The Family Dinner Project
Founded in 2010, The Family Dinner Project (TFDP) is a non-profit initiative that champions family dinner as an opportunity for family members to connect with each other through food, fun, and conversation about things that matter. More than two decades of scientific research document the many physical, mental health, and academic benefits of family dinners. While most parents know that family dinner is a great idea, only about 40% of American families are actually having regular family dinners. The Family Dinner Project works to make shared mealtime more accessible, doable, and enjoyable so that more families can reap the many benefits of this important ritual. Our approach is designed to create meaningful engagement and bonding around the table.
What we do:
TFDP designs online and community-based tools to support families to improve the frequency and quality of their meals together. We are the only organization with resources that focus on three key areas: food, fun and conversation about things that matter. We carry out our work through several online and community-based programs—all of which are available free of charge. Included among our programs are digital materials to support daily habit change, community events, and parent/health professional workshops. Additionally, TFDP has cultivated a large community via Facebook (more than 56,000 followers) as well as extended our reach through features in dozens of national media outlets, including the NYT, Time Magazine, ABC News, PBS, The Washington Post, The Wall Street Journal, CNN, NPR, and many others.
The Family Dinner Project works with national and community organizations to reach and support more families to come together around the table to reap the benefits to the body, brain, and mental health of children and their families. We work with partners through both online campaigns and in-person events. TFDP’s programs are supported through collaborations with the Community Foundation of New Jersey, Blue Cross Blue Shield of MA, Poses Family Foundation, Tracy Family Foundation, American Girl, Boston Market, and General Mills.
The Family Dinner Project could not have achieved such a deep impact over the years without support from our community- based partners. A majority of TFDP’s community-based work occurs in Massachusetts, where we work with The Commission on the Status of Grandparents Raising Grandchildren, Boston Children’s Museum, For Kids Only Afterschool Program, Boston Public Library, Blue Star Families, Ashland Decisions at Every Turn Coalition, Boston Public Market, First United Church of Melrose, Mothers of Preschoolers, Pathways for Children, and Harvard University.
TFDP’s online partners have made it possible for us to reach over 1.7M people online since we were founded in 2010. Our digital partnerships include content collaborations and digital campaigns with Common Sense Media, Making Caring Common, MGH Clay Center for Healthy Minds, Home Base Program at MGH, Feed the Children, American Speech and Hearing Association, The Herren Foundation, #GivingTuesday, The Harry Potter Alliance, Blue Star Families, On the Table, #Weaving Community, and the Recipe for Success Foundation.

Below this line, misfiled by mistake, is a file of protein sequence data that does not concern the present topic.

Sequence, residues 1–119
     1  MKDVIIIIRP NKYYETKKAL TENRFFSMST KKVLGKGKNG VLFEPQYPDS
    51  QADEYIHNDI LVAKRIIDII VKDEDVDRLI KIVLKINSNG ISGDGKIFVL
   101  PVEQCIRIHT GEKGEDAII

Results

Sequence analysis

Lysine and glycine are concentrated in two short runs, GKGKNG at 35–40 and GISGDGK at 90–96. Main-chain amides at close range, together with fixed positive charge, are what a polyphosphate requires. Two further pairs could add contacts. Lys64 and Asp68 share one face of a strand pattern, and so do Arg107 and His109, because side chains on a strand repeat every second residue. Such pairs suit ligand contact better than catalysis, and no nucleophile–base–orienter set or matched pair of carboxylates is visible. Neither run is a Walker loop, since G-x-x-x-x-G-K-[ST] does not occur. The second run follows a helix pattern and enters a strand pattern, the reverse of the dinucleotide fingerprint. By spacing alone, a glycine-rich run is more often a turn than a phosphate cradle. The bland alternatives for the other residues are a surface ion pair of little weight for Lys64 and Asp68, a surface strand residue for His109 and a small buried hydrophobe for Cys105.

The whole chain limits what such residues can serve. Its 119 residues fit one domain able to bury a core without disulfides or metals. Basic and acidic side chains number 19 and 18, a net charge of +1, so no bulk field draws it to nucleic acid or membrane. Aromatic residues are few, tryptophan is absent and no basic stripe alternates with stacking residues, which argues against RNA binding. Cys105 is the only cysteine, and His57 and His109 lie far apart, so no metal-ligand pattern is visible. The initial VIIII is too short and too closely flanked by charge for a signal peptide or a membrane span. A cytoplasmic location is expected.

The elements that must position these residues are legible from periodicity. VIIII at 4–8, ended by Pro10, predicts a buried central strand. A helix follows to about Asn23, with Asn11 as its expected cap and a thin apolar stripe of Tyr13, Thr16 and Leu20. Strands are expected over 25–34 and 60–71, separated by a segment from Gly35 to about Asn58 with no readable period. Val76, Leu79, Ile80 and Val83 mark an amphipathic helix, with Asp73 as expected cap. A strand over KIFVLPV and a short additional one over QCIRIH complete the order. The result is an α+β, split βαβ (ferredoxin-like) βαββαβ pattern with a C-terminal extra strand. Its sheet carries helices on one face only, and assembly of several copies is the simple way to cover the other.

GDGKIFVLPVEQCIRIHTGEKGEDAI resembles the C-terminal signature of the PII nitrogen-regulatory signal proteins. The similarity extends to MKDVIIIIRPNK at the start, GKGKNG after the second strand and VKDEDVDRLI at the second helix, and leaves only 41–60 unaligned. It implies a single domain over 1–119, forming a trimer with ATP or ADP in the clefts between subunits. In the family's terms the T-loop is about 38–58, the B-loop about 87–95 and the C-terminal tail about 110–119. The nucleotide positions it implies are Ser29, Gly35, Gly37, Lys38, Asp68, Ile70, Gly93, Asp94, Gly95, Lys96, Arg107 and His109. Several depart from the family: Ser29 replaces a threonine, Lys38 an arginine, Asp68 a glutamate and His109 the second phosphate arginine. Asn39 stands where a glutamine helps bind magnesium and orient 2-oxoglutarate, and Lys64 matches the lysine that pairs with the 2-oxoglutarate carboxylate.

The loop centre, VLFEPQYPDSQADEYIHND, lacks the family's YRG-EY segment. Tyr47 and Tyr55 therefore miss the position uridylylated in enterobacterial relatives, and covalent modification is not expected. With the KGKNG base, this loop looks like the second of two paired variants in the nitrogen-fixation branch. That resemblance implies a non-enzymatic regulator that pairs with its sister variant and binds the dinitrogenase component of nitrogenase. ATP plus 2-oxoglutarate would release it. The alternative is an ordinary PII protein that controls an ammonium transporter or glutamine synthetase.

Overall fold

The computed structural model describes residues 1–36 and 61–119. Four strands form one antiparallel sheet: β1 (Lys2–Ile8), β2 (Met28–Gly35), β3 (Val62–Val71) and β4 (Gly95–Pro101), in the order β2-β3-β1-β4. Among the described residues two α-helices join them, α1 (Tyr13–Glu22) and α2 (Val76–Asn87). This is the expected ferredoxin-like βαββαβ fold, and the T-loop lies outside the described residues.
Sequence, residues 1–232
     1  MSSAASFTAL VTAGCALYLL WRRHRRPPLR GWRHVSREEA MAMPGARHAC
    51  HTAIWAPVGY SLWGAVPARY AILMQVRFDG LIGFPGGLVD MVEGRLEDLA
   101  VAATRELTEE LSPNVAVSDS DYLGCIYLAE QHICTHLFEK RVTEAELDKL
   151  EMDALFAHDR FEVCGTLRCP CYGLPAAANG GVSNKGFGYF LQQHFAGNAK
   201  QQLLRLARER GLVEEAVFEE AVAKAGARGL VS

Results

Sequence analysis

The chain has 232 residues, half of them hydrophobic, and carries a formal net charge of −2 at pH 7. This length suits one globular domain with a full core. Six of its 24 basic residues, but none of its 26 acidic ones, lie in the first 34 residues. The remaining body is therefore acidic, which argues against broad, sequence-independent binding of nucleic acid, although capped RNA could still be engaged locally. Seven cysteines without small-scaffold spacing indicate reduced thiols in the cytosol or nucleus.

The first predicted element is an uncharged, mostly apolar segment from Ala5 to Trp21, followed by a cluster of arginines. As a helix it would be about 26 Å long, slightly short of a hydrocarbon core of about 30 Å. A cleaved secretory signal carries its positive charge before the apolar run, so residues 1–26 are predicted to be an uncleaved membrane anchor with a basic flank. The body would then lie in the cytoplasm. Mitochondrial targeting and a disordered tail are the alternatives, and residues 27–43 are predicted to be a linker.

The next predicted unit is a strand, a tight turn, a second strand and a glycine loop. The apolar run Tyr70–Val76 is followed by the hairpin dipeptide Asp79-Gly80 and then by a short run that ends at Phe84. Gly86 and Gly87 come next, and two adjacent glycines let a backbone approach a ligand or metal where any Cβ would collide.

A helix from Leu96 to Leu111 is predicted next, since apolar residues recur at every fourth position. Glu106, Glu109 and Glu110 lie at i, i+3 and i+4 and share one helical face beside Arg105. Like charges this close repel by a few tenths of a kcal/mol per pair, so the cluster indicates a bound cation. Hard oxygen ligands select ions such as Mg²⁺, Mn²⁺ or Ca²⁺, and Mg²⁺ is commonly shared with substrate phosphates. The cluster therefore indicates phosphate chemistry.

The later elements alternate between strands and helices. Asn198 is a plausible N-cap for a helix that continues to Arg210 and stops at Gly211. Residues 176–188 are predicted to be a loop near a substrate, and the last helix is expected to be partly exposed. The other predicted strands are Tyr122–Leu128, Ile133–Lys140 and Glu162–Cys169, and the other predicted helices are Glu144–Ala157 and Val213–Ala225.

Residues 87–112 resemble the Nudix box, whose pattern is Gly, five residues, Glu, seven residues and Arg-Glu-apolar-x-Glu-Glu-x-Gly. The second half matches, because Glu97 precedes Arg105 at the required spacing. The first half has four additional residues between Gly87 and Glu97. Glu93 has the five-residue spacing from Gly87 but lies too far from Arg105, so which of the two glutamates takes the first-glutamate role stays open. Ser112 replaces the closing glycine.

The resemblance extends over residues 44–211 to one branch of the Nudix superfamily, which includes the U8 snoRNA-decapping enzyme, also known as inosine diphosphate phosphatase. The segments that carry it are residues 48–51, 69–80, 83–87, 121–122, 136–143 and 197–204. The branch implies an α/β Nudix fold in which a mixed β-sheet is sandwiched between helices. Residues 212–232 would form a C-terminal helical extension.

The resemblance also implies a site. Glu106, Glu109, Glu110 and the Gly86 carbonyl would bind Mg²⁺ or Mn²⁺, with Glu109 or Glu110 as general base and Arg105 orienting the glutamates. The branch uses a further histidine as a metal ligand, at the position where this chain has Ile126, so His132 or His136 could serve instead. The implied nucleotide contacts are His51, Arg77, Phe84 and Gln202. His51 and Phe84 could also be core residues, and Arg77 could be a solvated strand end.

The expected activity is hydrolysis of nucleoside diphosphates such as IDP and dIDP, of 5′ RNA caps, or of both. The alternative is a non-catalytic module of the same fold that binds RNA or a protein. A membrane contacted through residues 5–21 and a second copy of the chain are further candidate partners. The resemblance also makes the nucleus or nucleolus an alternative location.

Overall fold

- We are currently focusing on working with health professionals to introduce them to the benefits of family dinner through continuing education courses and then to train them to implement TFDP community programs. In addition, we are working with several organizations, including Grandparents Raising Grandchildren, No Kid Hungry, Feed the Children, and the Military Special Operations Collaborative, who serve vulnerable families. Together we are designing tools, resources, and support, and are cultivating a community of additional families.
- The Family Dinner Project published a book in October 2019—Eat, Laugh, Talk: The Family Dinner Playbook (Familius) that offers 52 weeks of easy recipes, games, and conversation starters to help families overcome the most common obstacles to family dinner, like too much tension at the table, not enough time, too busy schedules, and picky eaters. Each week features a family who we have worked with over the last 10 years. Proceeds from all sales of our book go directly towards the support of our work with partners across the country.
- The Cooking Show for Health Professionals: This CME-approved 5-hour curriculum combines nutritional psychiatry with the research on the benefits of family dinners. In collaboration with Dr. Uma Naidoo, a professional chef and psychiatrist, Dr. Anne Fishel teamed up to provide a cooking demonstration, a community dinner held at the Boston Public Market where games and conversation starters are enacted by mental health professionals, and formal presentations on the science of shared mealtime and healthy eating that promote mental health for patients.
- During the pandemic, much of our work has focused on developing new online resources. We have shared widely Pandemic 2020: Our stuck at home guide to food, fun, and conversation, also available in Chinese and Spanish; as well as our Virtual Dinner Party Guide and many other resources to help families when they are eating breakfast, lunch and dinner. We also have resources for families who have children with developmental disabilities.
- In addition, we have resources available from our team and from others to help families talk about anti-racism and other timely topics.
Interested in learning more?
More information about our programs and resources can be found on our website: Family Dinner Project
Or, contact the executive director and co-founder of The Family Dinner Project, Dr. Anne Fishel, Director of the Family and Couples Therapy Program at Massachusetts General Hospital.